“Two States: One Bay, a bi-state conversation about the future of Raritan Bay” was the 2015 annual conference sponsored by the Sustainable Raritan River Initiative, a program of the Rutgers Edward J. Bloustein School of Planning and Public Policy. The conference, held June 12 at the Douglass Student Center at Rutgers, initiated a dialogue among representatives from New Jersey and New York that focused on the future of the bay that is flanked by both states.
The initiative hosts the annual conference to support the goals of the Sustainable Raritan River Collaborative in restoring the Raritan River. The collaborative has over 130 members, including environmental organizations, Raritan-based counties and municipalities, foundations and charities, businesses, and key regional, state and federal agencies. The Rutgers School of Environmental and Biological Sciences is one of the academic partners of the collaborative.
The morning agenda of the “Two States: One Bay” conference consisted of five panel sessions focusing on each of the general issues facing Raritan Bay: habitat restoration, resiliency, fish and shellfish management, water quality and public access. Panel members represented various partners of the collaborative. Lunch time table work sessions followed the panel discussions to advance decision-making for each of the five issues. Each table was assigned a specific topic and conference participants identified existing goals for the bay, the status of various sub-issue areas, tools or tactics, challenges and opportunities, and the governance structures related to that issue.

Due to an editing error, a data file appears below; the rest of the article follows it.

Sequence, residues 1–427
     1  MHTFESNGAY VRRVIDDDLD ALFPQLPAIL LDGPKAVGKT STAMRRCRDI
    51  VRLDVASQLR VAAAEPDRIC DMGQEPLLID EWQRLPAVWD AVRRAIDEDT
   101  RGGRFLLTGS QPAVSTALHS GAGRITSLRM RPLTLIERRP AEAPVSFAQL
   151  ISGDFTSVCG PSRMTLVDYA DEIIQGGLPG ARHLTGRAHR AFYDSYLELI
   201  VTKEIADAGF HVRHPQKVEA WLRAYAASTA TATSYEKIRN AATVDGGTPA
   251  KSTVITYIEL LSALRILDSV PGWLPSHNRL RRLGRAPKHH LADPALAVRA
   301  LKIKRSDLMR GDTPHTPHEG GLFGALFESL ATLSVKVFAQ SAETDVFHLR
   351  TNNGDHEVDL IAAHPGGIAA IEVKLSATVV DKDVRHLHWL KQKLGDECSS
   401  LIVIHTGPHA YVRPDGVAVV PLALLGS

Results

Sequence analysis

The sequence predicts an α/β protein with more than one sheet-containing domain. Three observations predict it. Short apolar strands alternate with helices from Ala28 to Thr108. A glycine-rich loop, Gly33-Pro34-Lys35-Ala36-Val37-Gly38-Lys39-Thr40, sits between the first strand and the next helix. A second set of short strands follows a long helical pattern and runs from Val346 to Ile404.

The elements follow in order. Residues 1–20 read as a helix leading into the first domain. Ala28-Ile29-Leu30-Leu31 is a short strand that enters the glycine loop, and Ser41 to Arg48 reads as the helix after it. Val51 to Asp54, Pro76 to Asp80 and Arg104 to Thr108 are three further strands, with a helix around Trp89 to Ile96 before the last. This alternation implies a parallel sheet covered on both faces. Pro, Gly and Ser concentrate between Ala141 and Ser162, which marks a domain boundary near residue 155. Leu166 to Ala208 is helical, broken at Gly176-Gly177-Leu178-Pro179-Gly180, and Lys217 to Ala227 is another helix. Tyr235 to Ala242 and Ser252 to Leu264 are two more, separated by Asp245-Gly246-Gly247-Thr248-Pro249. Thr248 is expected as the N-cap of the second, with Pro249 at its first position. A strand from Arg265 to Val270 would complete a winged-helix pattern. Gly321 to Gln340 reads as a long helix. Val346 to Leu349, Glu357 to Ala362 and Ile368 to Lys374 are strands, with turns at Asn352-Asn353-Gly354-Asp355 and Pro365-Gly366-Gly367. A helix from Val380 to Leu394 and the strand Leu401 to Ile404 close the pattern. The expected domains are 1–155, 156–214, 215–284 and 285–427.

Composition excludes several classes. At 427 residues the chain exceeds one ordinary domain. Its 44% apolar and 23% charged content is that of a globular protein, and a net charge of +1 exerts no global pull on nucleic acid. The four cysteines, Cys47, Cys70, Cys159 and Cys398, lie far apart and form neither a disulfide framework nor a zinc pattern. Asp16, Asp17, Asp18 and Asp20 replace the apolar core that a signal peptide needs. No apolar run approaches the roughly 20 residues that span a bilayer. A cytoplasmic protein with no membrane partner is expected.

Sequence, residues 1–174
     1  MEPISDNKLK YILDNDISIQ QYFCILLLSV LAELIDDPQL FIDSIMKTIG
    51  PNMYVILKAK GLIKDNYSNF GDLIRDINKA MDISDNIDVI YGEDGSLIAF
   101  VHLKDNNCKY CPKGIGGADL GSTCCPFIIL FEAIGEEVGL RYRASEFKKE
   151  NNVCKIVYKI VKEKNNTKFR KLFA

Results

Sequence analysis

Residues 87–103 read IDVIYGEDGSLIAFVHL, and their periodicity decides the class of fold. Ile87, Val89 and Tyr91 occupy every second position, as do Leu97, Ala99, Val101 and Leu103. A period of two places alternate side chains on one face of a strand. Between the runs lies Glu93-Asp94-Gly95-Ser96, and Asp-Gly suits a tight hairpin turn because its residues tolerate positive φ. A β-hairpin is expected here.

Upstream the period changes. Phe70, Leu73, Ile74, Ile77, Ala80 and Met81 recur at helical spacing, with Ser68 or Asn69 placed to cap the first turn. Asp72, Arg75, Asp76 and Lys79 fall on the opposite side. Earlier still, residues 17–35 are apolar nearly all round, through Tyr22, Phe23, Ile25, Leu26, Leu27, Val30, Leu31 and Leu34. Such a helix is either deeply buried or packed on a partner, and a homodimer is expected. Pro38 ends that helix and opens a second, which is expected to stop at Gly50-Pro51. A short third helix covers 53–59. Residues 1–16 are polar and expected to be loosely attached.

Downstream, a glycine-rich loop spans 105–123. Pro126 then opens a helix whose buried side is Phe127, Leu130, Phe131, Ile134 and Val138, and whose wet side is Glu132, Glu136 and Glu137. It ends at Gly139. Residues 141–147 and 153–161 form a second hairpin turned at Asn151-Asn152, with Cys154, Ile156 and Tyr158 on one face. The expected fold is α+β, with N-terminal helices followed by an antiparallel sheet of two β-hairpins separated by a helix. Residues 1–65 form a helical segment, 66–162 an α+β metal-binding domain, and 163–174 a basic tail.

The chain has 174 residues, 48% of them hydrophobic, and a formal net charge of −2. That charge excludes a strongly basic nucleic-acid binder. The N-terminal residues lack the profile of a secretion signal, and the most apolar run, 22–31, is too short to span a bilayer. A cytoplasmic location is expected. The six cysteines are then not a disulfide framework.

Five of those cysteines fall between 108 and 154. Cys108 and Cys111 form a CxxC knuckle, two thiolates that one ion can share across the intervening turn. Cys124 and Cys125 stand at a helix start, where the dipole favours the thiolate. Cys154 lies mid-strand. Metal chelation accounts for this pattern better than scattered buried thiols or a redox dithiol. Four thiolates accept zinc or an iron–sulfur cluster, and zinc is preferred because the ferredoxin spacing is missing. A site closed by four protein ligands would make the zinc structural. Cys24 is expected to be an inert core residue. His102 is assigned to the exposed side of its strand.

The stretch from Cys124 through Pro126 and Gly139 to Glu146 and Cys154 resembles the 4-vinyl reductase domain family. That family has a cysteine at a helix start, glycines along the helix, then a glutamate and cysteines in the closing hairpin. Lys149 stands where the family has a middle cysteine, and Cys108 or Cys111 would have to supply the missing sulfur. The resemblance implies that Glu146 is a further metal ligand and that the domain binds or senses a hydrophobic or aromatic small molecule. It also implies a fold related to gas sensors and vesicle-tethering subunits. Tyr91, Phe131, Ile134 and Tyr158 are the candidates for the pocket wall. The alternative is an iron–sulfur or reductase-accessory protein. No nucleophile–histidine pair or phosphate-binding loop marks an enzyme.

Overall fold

The afternoon panel session, “Towards a Shared Agenda,” involved representatives from each of the five general issue discussions to issue group reports about taking a regional approach to managing the bay. Two SEBS faculty were on the issue reports panel: Bonnie McCay, retired professor of human ecology, representing fisheries, and Steven Handel, professor of ecology and evolution, representing habitat restoration. McCay noted that Raritan Bay is a museum of fisheries heritage due to the diversity of species fished in the bay and how they were used. She also remarked that the first U.S. case dealing with the public trust doctrine and tidelands arose over the right to harvest oysters from the waters of the Raritan Bay.
In terms of restoration, Handel commented that everything on land is integral to the health of Raritan Bay, summing it up as “the shore is deeper than the beach.”
The conference was followed by the presentation of the 2015 Sustainable Raritan River Awards, which are given every year to individuals and organizations in the categories of government innovation, leadership, non-profit innovation, public access, public education, remediation and development, stewardship and sustainable business.
In 2009, the Edward J. Bloustein School of Planning and Public Policy partnered with the School of Environmental and Biological Sciences — both at Rutgers, The State University of New Jersey — to form the Sustainable Raritan River Initiative. This Initiative brings together concerned scientists, environmentalists, engineers, businesses, community leaders and governmental entities to craft an action agenda that meets the goals of the U.S. Clean Water Act to restore and preserve New Jersey’s Raritan River, its estuary and its tributaries.
Conference photos can be viewed on Facebook at: https://www.facebook.com/media/set/?set=a.848603018510584.1073741834.406323626071861&type=3